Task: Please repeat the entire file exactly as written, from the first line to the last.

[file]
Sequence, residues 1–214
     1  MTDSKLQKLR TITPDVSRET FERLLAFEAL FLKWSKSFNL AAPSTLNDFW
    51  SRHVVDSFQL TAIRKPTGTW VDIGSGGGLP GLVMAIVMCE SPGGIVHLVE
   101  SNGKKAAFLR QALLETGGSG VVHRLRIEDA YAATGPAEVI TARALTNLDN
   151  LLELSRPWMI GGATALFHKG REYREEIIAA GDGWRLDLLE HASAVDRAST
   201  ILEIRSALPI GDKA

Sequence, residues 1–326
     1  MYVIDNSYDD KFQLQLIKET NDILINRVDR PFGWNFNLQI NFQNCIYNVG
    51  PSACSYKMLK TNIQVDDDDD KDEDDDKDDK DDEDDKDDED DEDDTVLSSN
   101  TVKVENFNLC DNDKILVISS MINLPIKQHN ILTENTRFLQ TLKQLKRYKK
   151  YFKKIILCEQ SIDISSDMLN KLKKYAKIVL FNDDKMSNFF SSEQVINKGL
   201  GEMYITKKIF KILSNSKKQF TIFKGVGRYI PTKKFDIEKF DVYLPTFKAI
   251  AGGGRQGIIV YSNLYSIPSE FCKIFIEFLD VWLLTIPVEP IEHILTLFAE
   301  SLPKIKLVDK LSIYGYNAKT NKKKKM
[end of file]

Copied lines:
Sequence, residues 1–214
     1  MTDSKLQKLR TITPDVSRET FERLLAFEAL FLKWSKSFNL AAPSTLNDFW
    51  SRHVVDSFQL TAIRKPTGTW VDIGSGGGLP GLVMAIVMCE SPGGIVHLVE
   101  SNGKKAAFLR QALLETGGSG VVHRLRIEDA YAATGPAEVI TARALTNLDN
   151  LLELSRPWMI GGATALFHKG REYREEIIAA GDGWRLDLLE HASAVDRAST
   201  ILEIRSALPI GDKA

Sequence, residues 1–326
     1  MYVIDNSYDD KFQLQLIKET NDILINRVDR PFGWNFNLQI NFQNCIYNVG
    51  PSACSYKMLK TNIQVDDDDD KDEDDDKDDK DDEDDKDDED DEDDTVLSSN
   101  TVKVENFNLC DNDKILVISS MINLPIKQHN ILTENTRFLQ TLKQLKRYKK
   151  YFKKIILCEQ SIDISSDMLN KLKKYAKIVL FNDDKMSNFF SSEQVINKGL
   201  GEMYITKKIF KILSNSKKQF TIFKGVGRYI PTKKFDIEKF DVYLPTFKAI
   251  AGGGRQGIIV YSNLYSIPSE FCKIFIEFLD VWLLTIPVEP IEHILTLFAE
   301  SLPKIKLVDK LSIYGYNAKT NKKKKM